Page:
Trump is succeeding because propaganda still works. Because comforting lies still work on millions of psychologically eager minds. They are not weak minds, but they are certainly frayed. Frayed by fear, their confidence and trust has been heavily diminished. And they have good reasons to be angry, to be frustrated, to be afraid; they’re not always the reasons they provide, but justifiable reasons nonetheless exist.
The people most eager to vote for Trump are the ones most afraid of confronting intimidating or uncomfortable truths. They rebel against “political correctness” to avoid the scary confrontation with their complicity in the system, and to avoid acknowledging the privileges they have consequently benefited from.
To them, I can only say: I hear you. I understand you; I’ve been in your exact position, made your exact arguments, felt your same emotions. But one day I stood up against the fear and decided to confront it, and I want to let you in on a secret I’ve learned since then: it’s only terrifying for the first 24 hours. Afterwards you will feel better, stronger, more courageous and less afraid. And you’ll be better equipped to take that step again, and again, and again, until you’ve squared your entire life with yourself.
You won’t feel crippling guilt or shame over your past actions or your complicity in a system that disenfranchises people for having a different race or gender. You’ll feel embarrassed by them, but emboldened by how far you’ve come since then. (Besides, a bit of guilt, shame or embarrassment here and there builds character. The good kind of character.)
It’s okay to stand against the flow, to not take the path of least resistance. It’s okay to diverge from your past politics and tread in a new direction. That’s what being human is all about! To explore the things that scare us, and see what’s on the other side. See what’s on the other side of that ocean.
We must absolutely fix our democracy’s broken system, flawed rules and regulations, and shady influence of money. But until and unless we fix the problem of easily misled minds, and give everyone the strength of character and confidence that they deserve, we will fix a system without fixing the problem. And the problem will persist, even if it manifests itself much less visibly and much less destructively. Because eventually, one day, someone with nefarious goals and a willingness to shamelessly break all the rules of decency and civility will figure out how to exploit the problem for their personal gain, and this song and dance will start from scratch.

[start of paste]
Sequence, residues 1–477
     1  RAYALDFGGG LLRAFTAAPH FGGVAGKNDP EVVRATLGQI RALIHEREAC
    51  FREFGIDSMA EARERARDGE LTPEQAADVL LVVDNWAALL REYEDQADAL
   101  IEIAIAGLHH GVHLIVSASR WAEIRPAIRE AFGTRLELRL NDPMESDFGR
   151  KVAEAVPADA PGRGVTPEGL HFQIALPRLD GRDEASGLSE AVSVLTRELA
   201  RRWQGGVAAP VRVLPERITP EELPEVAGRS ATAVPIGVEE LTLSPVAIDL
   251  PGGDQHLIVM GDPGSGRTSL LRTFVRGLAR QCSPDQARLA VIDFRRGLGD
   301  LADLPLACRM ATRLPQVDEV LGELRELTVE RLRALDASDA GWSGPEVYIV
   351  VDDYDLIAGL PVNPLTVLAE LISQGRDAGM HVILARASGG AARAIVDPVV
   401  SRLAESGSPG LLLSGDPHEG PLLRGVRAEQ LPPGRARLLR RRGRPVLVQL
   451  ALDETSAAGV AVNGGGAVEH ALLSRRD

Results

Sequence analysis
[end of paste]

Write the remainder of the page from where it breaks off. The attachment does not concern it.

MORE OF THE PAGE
There isn’t an easy solution to this problem, and “propaganda still works” is, of course, a remarkably ironic simplification of it. But the implications of it are utterly complex, as there is no legislation that can be passed to solve it, and no government regulation or oversight could really address it. We can’t legislate or mandate people’s fears away, or wish them to be emotionally and intellectually stronger. It’s offensive to even think along those lines, not to mention eerily authoritarian.
The solution must come from us all because the problem is we, the people. We’re in this together, whether we like it or not. We either suffer or benefit from the problem, and while we can bicker over who’s more responsible (and we should absolutely do that as well, accountability is important), the root of the problem remains unaddressed when we try to change minds without changing the context that created the mind in the first place. The problem persists when the environment from which it was borne is allowed to continue wielding its fraying influence on the next person.
If we’re not simultaneously lifting people up when we confront them with unhappy truths, we’re failing to address the real problem.